Program Director Interview Series: Butch Humbert, MD | Indiana University

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This month, we interviewed Aloysius “Butch” Humbert, MD, Program Director at Indiana University School of Medicine’s emergency medicine residency program about applying for EM residencies and opportunities at IU. Dr. Humbert shares his advice and insight.

What sets Indiana University School of Medicine’s EM Residency Program apart from others?

There are several things that set the Indiana University School of Medicine’s emergency medicine residency program apart from others. The first is our diverse patient population with more than 250,000 patients annually in three departments, a major tertiary care center, the county hospital for Indianapolis, and the largest children’s hospital in the state of Indiana. All of this provides residents with the core clinical exposure required to be an outstanding emergency physician in any environment. Because of this patient volume and pathology, you will be trained to be successful in any EM job you choose after residency.

Next, the residents benefit from a large, diverse, and talented group of clinical educators who teach at the bedside, provide scholarly mentorship, and contribute to the close family experience that is IU.

Residents are encouraged to take ownership of the residency and drive their own education. They are involved in committees and encouraged to be proactive in making a positive and lasting impact on the legacy of the residency.

 Finally, we are committed to resident development and growth outside of the ED as manifested in curricular elements such as reflective writing, professional development activities, and wellness. To accomplish this, we provide reasonable clinical commitment during department months to allow time for growth in these areas. (Our volume, mentioned above, allows us to do so.) Additionally, our value added tracks provide additional opportunity for residents to grow in a niche area that includes advocacy, EMS, research, toxicology, administration, medical education, and simulation.

What is something students may not know about your program?

Our faculty are responsible for medical direction of both Indy EMS, a large urban EMS system, as well as the Indiana Poison Center, the only poison center in Indiana, which gives our residents outstanding training in these areas. We have a large faculty base that can provide mentorship in a wide variety of specialties including research, ultrasound, disaster medicine, and many other areas.

 Probably the biggest unknown is the city of Indianapolis.  It is a great place to live – a very liveable city with great bars and restaurants as well as multiple parks, concert venues, and breweries.  The cost of living is great, and residents can afford to buy a house during residency.

What range of USMLE/COMLEX Step 1 scores do you look for in an applicant for your program?

We do a holistic review of residency applications and do not use any strict USMLE cutoffs for applications. However, we do require that DO candidates provide a USMLE Step 1 score in order to be considered.

Do you look for residency candidates with research experience? What kinds of opportunities for research exist for residents in your program?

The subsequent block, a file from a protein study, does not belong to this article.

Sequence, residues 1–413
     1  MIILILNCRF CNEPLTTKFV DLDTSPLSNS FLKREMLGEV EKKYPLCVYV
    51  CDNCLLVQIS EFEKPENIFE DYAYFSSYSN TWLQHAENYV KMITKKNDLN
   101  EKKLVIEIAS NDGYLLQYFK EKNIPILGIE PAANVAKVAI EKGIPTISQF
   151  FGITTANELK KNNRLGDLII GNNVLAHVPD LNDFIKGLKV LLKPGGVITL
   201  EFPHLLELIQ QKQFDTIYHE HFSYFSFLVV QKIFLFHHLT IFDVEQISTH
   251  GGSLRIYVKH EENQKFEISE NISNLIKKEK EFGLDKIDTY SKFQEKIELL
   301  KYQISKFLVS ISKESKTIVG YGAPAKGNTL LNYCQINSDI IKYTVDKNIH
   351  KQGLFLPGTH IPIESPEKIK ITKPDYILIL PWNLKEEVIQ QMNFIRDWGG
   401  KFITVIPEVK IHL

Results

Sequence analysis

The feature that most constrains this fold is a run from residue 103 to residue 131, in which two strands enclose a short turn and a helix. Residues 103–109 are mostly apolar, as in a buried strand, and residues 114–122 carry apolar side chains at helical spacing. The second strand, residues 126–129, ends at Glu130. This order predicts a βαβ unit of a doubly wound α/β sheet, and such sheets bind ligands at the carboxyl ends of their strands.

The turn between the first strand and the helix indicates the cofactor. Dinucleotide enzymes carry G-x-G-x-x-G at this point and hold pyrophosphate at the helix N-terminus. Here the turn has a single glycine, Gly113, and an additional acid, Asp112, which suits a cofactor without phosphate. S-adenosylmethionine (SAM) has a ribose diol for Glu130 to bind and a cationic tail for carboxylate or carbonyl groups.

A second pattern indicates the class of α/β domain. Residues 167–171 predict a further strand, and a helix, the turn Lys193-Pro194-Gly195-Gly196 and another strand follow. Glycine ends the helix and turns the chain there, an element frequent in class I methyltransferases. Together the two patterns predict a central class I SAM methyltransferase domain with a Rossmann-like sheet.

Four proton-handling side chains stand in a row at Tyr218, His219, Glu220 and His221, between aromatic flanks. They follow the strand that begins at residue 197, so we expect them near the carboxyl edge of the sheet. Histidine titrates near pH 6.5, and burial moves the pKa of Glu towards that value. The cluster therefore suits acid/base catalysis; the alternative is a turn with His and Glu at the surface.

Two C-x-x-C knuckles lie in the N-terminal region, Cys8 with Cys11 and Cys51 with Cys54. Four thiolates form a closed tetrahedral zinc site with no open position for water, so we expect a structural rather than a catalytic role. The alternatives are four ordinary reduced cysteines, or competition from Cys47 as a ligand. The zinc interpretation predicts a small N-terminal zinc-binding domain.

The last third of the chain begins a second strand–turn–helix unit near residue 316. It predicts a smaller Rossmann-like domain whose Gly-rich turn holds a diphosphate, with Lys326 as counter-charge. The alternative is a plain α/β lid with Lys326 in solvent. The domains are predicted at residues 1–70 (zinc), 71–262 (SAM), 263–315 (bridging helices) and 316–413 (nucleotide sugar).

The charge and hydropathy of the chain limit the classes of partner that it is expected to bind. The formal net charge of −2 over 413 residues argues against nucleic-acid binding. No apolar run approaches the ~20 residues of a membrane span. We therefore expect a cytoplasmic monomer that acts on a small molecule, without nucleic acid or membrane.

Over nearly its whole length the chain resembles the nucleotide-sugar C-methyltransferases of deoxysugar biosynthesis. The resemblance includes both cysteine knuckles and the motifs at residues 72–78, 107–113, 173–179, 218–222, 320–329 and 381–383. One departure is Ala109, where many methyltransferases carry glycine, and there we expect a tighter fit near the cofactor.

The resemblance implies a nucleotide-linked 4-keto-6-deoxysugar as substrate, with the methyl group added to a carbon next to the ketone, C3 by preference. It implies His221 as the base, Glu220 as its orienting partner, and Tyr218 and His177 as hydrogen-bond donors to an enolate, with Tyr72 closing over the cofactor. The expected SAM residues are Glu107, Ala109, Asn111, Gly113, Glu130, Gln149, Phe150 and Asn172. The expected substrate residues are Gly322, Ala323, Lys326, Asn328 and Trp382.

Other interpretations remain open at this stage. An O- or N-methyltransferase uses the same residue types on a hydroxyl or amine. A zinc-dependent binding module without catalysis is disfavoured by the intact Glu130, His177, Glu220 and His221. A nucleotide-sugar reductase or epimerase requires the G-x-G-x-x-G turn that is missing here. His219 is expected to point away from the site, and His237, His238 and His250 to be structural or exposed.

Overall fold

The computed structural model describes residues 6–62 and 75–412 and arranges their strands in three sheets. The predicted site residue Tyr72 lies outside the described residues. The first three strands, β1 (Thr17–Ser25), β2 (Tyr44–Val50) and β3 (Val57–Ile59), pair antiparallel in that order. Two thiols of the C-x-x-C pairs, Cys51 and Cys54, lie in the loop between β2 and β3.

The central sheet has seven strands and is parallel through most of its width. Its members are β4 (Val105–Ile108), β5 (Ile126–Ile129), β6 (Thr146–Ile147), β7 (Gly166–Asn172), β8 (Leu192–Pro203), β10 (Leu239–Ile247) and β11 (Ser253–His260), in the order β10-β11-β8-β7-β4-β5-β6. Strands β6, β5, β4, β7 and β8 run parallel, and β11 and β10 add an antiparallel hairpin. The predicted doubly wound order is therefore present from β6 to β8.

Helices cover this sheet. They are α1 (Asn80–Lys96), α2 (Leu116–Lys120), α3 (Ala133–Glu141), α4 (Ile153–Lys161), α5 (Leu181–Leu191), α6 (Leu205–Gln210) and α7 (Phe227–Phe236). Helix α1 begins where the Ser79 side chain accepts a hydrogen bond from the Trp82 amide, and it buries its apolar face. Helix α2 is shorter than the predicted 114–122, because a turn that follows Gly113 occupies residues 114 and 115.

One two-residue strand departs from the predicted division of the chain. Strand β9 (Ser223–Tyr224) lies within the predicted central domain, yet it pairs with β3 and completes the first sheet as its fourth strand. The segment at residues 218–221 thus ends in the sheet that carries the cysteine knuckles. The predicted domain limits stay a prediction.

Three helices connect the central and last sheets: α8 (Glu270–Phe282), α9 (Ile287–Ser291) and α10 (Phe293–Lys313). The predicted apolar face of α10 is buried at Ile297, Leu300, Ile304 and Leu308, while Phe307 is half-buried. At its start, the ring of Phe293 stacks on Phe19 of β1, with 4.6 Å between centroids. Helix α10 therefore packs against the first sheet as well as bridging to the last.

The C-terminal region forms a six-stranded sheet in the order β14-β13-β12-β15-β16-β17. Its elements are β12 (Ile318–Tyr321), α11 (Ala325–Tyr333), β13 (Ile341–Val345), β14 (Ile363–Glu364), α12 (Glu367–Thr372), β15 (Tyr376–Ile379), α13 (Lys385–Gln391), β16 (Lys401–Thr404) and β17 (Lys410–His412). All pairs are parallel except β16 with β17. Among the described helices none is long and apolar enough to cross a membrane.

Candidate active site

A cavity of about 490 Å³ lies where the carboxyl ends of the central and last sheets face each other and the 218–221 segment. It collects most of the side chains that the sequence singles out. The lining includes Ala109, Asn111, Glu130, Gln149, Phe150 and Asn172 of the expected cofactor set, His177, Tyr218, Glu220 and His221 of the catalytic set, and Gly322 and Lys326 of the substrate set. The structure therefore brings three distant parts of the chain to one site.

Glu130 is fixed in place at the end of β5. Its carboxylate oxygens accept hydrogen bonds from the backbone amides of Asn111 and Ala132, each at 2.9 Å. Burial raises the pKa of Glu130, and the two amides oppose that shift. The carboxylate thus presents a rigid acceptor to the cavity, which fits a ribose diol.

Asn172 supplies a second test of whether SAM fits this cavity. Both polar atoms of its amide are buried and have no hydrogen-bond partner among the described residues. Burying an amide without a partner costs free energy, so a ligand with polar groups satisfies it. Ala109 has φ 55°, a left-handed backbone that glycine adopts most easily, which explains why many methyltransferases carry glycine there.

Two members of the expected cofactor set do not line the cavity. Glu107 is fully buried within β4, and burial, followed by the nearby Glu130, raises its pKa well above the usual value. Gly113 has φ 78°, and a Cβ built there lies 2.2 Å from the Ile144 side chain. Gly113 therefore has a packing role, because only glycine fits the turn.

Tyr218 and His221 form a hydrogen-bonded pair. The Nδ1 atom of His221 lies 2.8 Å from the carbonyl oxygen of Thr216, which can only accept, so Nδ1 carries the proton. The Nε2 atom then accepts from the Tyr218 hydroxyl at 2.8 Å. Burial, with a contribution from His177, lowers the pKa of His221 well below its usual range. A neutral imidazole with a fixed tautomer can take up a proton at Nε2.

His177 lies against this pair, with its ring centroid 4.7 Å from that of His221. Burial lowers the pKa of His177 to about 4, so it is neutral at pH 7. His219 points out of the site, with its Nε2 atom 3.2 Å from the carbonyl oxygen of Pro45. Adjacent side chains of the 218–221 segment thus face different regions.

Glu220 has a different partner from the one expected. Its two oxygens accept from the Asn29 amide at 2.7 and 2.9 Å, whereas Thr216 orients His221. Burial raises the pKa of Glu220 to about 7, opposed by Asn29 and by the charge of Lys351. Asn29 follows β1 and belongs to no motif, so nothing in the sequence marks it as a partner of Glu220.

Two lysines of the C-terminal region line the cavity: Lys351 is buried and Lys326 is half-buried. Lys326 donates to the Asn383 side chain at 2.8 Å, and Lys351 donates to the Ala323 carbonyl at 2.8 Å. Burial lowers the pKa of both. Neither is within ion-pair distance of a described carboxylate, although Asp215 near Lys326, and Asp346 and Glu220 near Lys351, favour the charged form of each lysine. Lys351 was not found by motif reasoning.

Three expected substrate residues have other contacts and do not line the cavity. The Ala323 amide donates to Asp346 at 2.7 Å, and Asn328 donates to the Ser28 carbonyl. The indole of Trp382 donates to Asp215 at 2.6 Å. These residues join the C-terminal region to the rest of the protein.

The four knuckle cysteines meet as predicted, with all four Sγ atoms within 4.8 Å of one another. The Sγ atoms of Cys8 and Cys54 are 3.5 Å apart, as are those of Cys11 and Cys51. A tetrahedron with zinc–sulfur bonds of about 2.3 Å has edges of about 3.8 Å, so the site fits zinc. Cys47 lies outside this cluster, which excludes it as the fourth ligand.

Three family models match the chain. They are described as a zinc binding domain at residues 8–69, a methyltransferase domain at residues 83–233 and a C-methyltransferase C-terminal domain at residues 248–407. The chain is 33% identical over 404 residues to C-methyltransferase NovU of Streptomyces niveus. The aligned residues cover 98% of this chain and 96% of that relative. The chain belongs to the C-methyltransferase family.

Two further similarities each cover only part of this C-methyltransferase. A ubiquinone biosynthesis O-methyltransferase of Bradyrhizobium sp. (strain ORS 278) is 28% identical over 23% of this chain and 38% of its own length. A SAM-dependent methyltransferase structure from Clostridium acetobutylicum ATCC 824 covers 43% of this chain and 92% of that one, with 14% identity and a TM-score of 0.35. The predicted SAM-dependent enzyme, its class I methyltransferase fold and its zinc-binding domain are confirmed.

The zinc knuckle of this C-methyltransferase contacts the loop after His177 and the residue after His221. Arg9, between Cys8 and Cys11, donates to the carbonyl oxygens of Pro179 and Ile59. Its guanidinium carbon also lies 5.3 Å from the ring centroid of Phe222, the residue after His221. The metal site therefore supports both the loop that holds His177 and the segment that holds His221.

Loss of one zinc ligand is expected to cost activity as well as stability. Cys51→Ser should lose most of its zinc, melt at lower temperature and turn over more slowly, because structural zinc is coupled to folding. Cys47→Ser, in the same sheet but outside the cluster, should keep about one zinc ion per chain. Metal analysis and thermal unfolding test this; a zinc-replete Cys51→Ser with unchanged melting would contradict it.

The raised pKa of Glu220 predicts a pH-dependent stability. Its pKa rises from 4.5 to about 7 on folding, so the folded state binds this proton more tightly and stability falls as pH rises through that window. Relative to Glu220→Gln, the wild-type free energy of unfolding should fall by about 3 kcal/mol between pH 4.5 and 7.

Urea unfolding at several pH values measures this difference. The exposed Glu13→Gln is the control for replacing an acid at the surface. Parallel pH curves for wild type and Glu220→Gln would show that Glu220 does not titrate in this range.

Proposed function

The research mission at Indiana University School of Medicine Department of Emergency Medicine is undergoing a period of significant growth that started 5 years ago.  There are ample opportunities for residents and students to get involved in ongoing projects, as well as receive mentorship to develop their own project. Topic areas range from bench research on pulmonary embolism to clinical research in the department to education or simulation research. With 80+ faculty members, we are likely to have one who shares your passion and can help you develop it into a research project. As part of our holistic review, we do place value on research experience, especially in a well-balanced applicant who has also excelled in the clinical environment. However, research experience or interest is not a requirement.  As a resident, you will be required to do a scholarly project, which encompasses a very wide range of projects.

Do you have opportunities to explore global health at your institution?

IUSM has a number of established global health programs, most notably in Kenya. Residents have been able to participate in these activities, which include AMPATH, a world-renowned HIV program in Africa. In addition, several faculty members have an interest in global health, including in Honduras, Liberia, and Nepal. Some residents have put together electives to enhance their education in these areas ranging from short clinical trips to learning wide-ranging public health systems issues in other countries.

What are some qualities that your program looks for in applicants?

The most important quality that we look for in applicants are people who share the family values that have been prevalent here for many years. This includes residents who understand that their own growth and development is tied to the growth and development of the entire group. These are residents who want to make a difference – who won’t be passive learners, but who will come into residency and work hard, take ownership of their residency experience, and make an impact on their own learning, the residency, and the lives and development of their fellow residents.

Interested in learning more about Emergency Medicine at Indiana University? Get details!

Erin Karl, MSIII

Erin Karl, MSIII

EMRA MSC Midwest Coordinator, 2016-17 | University of Minnesota | Minneapolis, MN
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